A cloud of steam suffused the smithy as he was doused with water. He stood up, and the fire of the forge glinted off his skin, as polished and hardened as any Dar’Gol, but pure and untainted.

Ilinnia approached him tentatively. He inclined his head gently to let her know that he was there. She unwrapped the priestly crystal and held it toward him. As the crystal touched his chest, the metal rippled and welcomed the holy artifact within. His skin began to glow, and he felt Ilinnia’s power join with his own.

They opened the front gate for him. Nothing stood between him and his foes. The chaos of war was about to meet the bastion of steel.


Ilinnia, Jhellen and Eolar watched the field from the battlements. Dronkhar ran out of the fortress, and the earth trembled beneath his footsteps. The first ranks of the Dar’Gol paused as they caught sight of him. Recoiling from the power that radiated from his skin, they seemed confused. Here was a foe who knew no fear, no pain. The shining figure barreled into their ranks. The battle was joined.

Ilinnia swallowed hard. “Be safe, my friend.”

She had a task of her own. She felt the Spiritbinder’s will within the earth, directing his rage at this new opponent. The Ai whispered their anger at this unnatural torture. Even were she not a Maion, she could not allow this taint to exist in the world any longer.

She released her spirit into the wind and began the hunt for him. Whispers became howls, as the Ai guided her toward her prey. She soared over the heads of the Dar’Gol foot-soldiers. The hillside upon which Ganele stood faded behind, and she drew close to a rocky outcropping. He stood, partly embedded in the earth, and his sickening leer hinted at the madness that awaited him. But this one was not insane, and he would not be easy.


Dronkhar crushed a Dar’Gol underneath his foot and tore open three more with a swing of his fist. Their armor was as nothing to him. The order of steel demanded that his foes fall. And so they did. The voice in the earth raged at him, and shadowy motes swirled upon the armor of the Dar’Gol. Their strikes bounced harmlessly off of him, but the shadows remained on his skin. He could feel the darkness sapping him, leaching the light and the order away.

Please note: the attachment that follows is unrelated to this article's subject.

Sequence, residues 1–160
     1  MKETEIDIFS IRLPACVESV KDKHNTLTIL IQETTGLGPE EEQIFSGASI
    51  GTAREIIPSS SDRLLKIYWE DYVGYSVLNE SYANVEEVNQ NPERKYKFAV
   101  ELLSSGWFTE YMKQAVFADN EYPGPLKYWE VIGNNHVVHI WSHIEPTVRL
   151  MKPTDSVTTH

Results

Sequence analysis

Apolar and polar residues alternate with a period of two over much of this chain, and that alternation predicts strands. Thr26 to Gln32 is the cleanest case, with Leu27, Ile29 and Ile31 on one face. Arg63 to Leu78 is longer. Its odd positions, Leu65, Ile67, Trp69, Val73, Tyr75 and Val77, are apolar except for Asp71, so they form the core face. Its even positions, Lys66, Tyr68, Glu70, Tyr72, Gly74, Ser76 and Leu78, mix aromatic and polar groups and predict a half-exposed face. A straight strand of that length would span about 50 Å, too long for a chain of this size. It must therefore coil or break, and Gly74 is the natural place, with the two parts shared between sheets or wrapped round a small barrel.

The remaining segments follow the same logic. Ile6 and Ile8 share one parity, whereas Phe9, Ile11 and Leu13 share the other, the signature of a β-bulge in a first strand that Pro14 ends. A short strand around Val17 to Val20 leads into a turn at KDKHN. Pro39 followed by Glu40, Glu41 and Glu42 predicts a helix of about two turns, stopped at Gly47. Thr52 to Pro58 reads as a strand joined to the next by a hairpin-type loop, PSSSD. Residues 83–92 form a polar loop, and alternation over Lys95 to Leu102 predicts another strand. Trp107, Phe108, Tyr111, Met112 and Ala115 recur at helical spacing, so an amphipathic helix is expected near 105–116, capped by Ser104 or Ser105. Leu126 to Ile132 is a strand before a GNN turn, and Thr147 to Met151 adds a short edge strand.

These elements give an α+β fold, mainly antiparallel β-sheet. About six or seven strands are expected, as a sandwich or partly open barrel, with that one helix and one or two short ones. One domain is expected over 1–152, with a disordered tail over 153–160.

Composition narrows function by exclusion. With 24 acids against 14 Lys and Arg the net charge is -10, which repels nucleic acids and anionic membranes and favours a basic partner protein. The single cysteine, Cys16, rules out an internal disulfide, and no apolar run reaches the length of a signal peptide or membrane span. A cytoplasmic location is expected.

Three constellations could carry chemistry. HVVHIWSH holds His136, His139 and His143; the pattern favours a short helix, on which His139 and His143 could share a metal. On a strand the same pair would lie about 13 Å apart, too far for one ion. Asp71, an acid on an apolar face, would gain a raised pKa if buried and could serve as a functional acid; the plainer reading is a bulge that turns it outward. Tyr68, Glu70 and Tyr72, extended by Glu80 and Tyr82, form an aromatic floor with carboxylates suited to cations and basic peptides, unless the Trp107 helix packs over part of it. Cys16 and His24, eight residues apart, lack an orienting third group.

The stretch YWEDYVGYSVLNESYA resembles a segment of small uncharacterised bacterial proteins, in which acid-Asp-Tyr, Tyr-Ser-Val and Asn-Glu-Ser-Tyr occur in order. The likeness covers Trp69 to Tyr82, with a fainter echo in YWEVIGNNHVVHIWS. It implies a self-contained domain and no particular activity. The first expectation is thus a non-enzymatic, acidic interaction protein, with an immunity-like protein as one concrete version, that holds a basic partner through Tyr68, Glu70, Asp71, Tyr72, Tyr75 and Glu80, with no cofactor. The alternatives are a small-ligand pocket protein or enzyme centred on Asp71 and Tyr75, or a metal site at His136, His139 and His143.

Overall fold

The Spiritbinder looked up, and Ilinnia knew that he sensed her. He closed his eyes and his spirit ascended, wreathed in fire and earth. She called the wind to her and channeled it into him, but the flames only grew hotter. His counterstroke singed her thoughts with fear, and though her body was far away, it felt as if on fire. He was too strong here in his element. Her winds were not enough to extinguish the flame, to erode the earth. There was something beyond his presence—a power so dark and vast that the merest sense of it sent Ilinnia’s mind recoiling in terror.


The shadows coalesced within him as Dronkhar sundered more and more of the Dar’Gol soldiers. The shimmer on his skin was nearly gone, and his body slowed. The will driving the steel weakened. He could feel the bond slipping away. Though the shadow grew with every foe he struck down, he could not stop. They must be felled. They would be felled.

Dronkhar continued to swing away.


Ilinnia staggered back, and she knew that her body had fallen to the ground. She could feel Jhellen supporting her, but it would not take much more for the Spiritbinder to break her soul. The flames around him grew, and she braced for an attack, when the memory of Dronkhar’s voice filled her mind.

Turn the elements against him. Help them destroy him.

She was not powerful enough to overcome his defenses. But, like the wind that carried her spirit, she did not need to be. The fires gathered together and leapt at her, a vicious serpent of flame to end her life. She released her wind and let it blow about her. It caught the serpent in its currents and drew it in a circle around her. She sensed the growing concern from the Spiritbinder as he tried to call back his power in vain.

The serpent grew thin and wan as the wind pulled it farther and farther away from its source. With a cry, the Spiritbinder lost control, and the fires winked out. Slowly, almost imperceptibly, the earthen shards jutting from the Spiritbinder began to grow. He turned, frantically, from one side to another, trying to shake himself free. But the earth was implacable. He had delved into it, twisted it. Now he would be one with it.

The Spiritbinder’s essence vanished, and Ilinnia watched resolutely as the stone around his body grew up and over him, leaving no trace of the fiend behind.


A surge of power awakened inside Dronkhar. The crystal rose on the back of his right hand and shone with a radiant light, banishing the shadows crawling across his skin. Ilinnia had done it. The threat was no more. He raised his hand, and the crystal pulsed a blue ring of light, expanding outward as it passed through the assembled Dar’Gol. The dark force that reinforced them was gone.

Another burst of energy drew Dronkhar’s attention, and he looked back toward the fortress. Eolar and a line of enchanters stood on the hillside, stretching forth their hands. A wavering line spread along the ground, as if reality was being warped between two places. A horn sounded from the distance, and a thundering line of Cealian cavalry issued forth from the line of portals.

“For Cealia and for King Adarion!” rang the cry. Dronkhar joined with the charging throng and unleashed the wrath of steel upon his foes.